Jessica Cruz contracted COVID-19 earlier this year, but she refuses to get vaccinated. She just doesn’t trust the vaccine.
“I have family that done it and I’m just praying later on in the future, symptoms you know, nothing happens years down the line because you took the vaccine,” said Cruz.
Her hesitancy reflects her neighborhood’s low COVID-19 vaccination rate in general. Far Rockaway has one of the lowest in the city. Only 26% are fully vaccinated in the neighborhood, versus 50% boroughwide and 45% citywide.
“There’s a lot of hesitancy around the vaccine,” said Dr. Miriam Vega. “A lot of people wonder how a vaccine was developed so quickly.”
Vega is the CEO of the Joseph P. Addabbo Family Health Center in Far Rockaway. She said the city’s slow rollout of the vaccine caused mistrust to take root here even though Far Rockaway was one of the hardest hit areas during the pandemic.
She also said limited access to health facilities on the peninsula has made it more difficult for people in the area to get vaccinated.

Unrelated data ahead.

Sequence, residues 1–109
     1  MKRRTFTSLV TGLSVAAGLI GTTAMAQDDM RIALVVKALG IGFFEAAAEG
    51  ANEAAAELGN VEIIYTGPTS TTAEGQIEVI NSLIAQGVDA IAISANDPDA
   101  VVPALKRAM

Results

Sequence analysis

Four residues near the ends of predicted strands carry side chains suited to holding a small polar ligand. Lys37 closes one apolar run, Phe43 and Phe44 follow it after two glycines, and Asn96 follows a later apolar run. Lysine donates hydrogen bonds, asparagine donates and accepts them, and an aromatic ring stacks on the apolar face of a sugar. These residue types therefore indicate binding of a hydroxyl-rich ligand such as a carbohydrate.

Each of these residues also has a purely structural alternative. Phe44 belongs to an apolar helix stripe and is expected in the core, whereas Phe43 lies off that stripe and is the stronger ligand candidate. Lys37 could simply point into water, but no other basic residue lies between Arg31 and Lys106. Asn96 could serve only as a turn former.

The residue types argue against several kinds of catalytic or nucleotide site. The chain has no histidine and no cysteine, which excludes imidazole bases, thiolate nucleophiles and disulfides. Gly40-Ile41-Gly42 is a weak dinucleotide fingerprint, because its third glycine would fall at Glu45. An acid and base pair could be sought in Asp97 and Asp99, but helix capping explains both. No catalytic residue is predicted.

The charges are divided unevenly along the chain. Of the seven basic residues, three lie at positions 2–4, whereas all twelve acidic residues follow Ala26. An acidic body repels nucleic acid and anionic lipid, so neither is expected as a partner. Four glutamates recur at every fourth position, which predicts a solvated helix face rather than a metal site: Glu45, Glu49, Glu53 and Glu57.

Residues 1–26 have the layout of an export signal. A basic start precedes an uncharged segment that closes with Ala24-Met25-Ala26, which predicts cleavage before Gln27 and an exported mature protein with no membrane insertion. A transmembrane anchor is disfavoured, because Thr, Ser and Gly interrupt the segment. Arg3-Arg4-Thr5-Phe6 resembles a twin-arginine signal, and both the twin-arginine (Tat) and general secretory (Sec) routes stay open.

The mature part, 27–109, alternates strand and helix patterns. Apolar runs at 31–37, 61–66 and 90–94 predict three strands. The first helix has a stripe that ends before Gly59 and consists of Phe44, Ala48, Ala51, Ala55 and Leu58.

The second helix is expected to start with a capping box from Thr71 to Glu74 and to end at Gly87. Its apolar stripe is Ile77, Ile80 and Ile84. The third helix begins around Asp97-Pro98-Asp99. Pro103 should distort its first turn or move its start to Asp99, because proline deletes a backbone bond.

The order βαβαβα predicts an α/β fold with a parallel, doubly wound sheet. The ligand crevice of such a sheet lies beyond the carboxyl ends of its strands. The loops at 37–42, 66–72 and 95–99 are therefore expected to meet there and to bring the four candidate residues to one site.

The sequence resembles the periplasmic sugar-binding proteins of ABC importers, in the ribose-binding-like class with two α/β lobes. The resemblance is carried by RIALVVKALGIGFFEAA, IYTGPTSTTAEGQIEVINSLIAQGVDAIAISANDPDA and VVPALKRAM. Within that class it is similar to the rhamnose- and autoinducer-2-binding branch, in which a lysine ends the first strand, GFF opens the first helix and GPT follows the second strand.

"Otherwise they have to travel rather far to get care. So we’re talking access and availability of vaccines and all that may have compounded some of the initial mistrust around the vaccine itself,” said Dr. Vega.
Dr. Vega explained that immigrants in the community have found it difficult to take time off from work to get vaccinated. The health center is now offering vaccines on weekends to counter that. The center is also reaching out to bodegas and other businesses in the neighborhood to convince residents to get vaccinated.
“I feel good. I mean there’s a sense of freedom, I can go anywhere I want,” said Far Rockaway resident Rachel Afolabi.
She doesn’t need convincing. Afolabi has been fully vaccinated two weeks now. She’s already making plans to resume one of her favorite hobbies.
“I really look forward to traveling,” said Afolabi.